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Thread: Bronze wool and other methods of gentle rust removal

  1. #1
    Ready! Fire! Aim! awp_101's Avatar
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    Bronze wool and other methods of gentle rust removal

    I started to post this in the Gunsmithing section but I thought it might get more traction here.

    Quote Originally Posted by awp_101 View Post
    In the past Iíve used 0000 bronze wool instead of steel wool. Seemed to work just as well and I didnít have to worry about any stray fibers causing problems down the road.
    Quoting myself because I started thinking, then I started searching Amazon and that can lead to trouble from the Good Idea Fairy.

    I'm down to my last bronze wool pad so I hit up Amazon for more. As I was looking I started wondering about a bronze wire wheel for a Dremel or drill. I didn't see any but I did see some brass options for a drill and for a "rotary tool".

    What about brass or copper wool? Anyone tried those on metal? What about on wood?
    Nothing so needs reforming as other people's habits - Mark Twain

    Tact is the knack of making a point without making an enemy / Where is the wisdom we have lost in knowledge?

  2. #2
    Hillbilly Elitist Malamute's Avatar
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    I have no experience with any of the non-steel wool materials, and they seem like a good idea, though have had OK results with 4-0 steel wool gently used with oil or Hoppes No 9 solvent. Ive also tried an all copper penny with crisp edges for scraping rust loose, also used with oil or solvent. It works OK. I like to let the oil or solvent soak in a while before working on the rust.
    ďFar better it is to dare mighty things, to win glorious triumphs, even though checkered by failure, than to take rank with those poor spirits who neither enjoy much nor suffer much, because they live in the gray twilight that knows neither victory nor defeat.Ē
    ― Theodore Roosevelt

  3. #3
    I use bronze wool myself. One package of it seems to last forever.
    Malo periculosam, libertatem quam quietam servitutem
    I prefer the tumult of liberty to the quiet of servitude
    -Thomas Jefferson
    I prefer dangerous freedom over peaceful slavery.

  4. #4
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    I've used steel wool before, but after I read your post in the other thread, I looked for some bronze wool. I couldn't find any superfine fine, so I bought some super fine abrasive pads to use on my 15-3. I cut them into appropriately small pieces, and they seems to work pretty well. Most of the surface wear was actually wear and not a layer of grunge, so giving the pistol a good scrub didn't change it's appearance much.

    Sent from my moto g power (2021) using Tapatalk

  5. #5
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    I have used bronze wool and a good lubrication to take off patches of surface rust. Worked pretty well and didn't take any of the bluing off. If it was very rusted I am not sure how it would turn out.

  6. #6
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    I have used bronze wool quite a bit back when I used to collect WWII 1911s. It did a great job of removing live rust and diminishing rust stains, mostly without harming the finish in any way, either blueing or parkerization. Just go slow and use oil. I have not used and wouldn't recommend any rotary tools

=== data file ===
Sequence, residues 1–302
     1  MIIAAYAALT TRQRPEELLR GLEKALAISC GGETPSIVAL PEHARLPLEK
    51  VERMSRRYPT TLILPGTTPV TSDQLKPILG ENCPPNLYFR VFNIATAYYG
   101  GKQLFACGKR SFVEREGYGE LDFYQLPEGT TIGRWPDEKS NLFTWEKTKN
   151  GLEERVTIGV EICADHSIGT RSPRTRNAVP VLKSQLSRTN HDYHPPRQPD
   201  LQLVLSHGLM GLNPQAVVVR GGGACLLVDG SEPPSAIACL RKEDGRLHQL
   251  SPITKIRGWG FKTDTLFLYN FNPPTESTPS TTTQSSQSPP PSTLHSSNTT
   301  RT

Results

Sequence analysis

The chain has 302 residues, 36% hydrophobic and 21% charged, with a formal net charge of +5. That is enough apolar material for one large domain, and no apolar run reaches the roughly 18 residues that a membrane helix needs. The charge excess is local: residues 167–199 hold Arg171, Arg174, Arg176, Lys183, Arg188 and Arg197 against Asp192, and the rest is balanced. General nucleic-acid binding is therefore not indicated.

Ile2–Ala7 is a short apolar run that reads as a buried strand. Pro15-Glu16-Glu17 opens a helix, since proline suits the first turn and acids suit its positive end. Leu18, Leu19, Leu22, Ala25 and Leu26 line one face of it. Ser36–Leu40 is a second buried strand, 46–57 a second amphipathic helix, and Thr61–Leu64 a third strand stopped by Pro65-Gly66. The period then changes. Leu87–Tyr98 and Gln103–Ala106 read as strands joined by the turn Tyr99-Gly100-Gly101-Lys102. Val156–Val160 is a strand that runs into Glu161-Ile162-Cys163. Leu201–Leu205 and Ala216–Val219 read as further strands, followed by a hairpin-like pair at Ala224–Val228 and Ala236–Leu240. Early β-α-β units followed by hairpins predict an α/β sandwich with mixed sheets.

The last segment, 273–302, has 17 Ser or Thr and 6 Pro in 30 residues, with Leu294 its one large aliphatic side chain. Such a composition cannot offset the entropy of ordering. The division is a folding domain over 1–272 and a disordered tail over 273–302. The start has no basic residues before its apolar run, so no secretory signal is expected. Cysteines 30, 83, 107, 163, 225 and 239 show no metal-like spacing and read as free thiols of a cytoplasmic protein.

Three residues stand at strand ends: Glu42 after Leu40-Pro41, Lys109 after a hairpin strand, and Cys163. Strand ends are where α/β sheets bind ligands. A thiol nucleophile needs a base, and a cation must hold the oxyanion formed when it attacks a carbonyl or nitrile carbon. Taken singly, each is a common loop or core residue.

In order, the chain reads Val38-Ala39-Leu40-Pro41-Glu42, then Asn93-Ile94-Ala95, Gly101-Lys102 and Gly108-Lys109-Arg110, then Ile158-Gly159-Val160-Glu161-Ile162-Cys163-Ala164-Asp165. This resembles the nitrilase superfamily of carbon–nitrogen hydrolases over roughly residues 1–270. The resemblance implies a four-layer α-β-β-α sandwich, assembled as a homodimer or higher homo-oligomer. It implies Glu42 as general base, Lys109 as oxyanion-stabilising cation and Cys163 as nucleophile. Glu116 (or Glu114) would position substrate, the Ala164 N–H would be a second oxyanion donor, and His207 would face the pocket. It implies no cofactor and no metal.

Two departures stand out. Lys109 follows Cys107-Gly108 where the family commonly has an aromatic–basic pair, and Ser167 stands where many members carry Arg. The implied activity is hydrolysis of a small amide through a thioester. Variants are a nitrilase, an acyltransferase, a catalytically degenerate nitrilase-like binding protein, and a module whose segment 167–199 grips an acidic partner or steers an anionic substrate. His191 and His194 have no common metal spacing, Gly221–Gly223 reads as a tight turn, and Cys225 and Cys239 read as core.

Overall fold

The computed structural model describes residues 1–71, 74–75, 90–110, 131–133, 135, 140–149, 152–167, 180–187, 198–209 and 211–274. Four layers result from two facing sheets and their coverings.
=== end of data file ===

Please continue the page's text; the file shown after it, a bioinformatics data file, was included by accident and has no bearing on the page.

7. #7
    I Demand Pie Lex Luthier's Avatar
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    Quote Originally Posted by rm06 View Post
    I have used bronze wool quite a bit back when I used to collect WWII 1911s. It did a great job of removing live rust and diminishing rust stains, mostly without harming the finish in any way, either blueing or parkerization. Just go slow and use oil. I have not used and wouldn't recommend any rotary tools
    I second both of these. Rotary tools can get away from you far quicker than you'd think, and can leave swales in the area that you'd never be able to get rid of without re-contouring the entire surface.
    "If I ever needed to hunt in a tuxedo, then this would be the rifle I'd take." - okie john

    "Not being able to govern events, I govern myself." - Michel De Montaigne

  8. #8
    I needed this reminder to order some bronze wool.
    #RESIST

  9. #9
    Ready! Fire! Aim! awp_101's Avatar
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    Quote Originally Posted by Lex Luthier View Post
    I second both of these. Rotary tools can get away from you far quicker than you'd think, and can leave swales in the area that you'd never be able to get rid of without re-contouring the entire surface.
    BTDT which is what led me down the thought process of whether a kinder, gentler material would be a good choice or a Good Idea Fairy choice.
    Nothing so needs reforming as other people's habits - Mark Twain

    Tact is the knack of making a point without making an enemy / Where is the wisdom we have lost in knowledge?

  10. #10
    Use this in addition to bronze wool, and also with oil, for amazing results in removing surface corrosion and other surface goo.


    Big 45 Frontier Metal Cleaner

    https://www.big45metalcleaner.com/


    Also available via Amazon.

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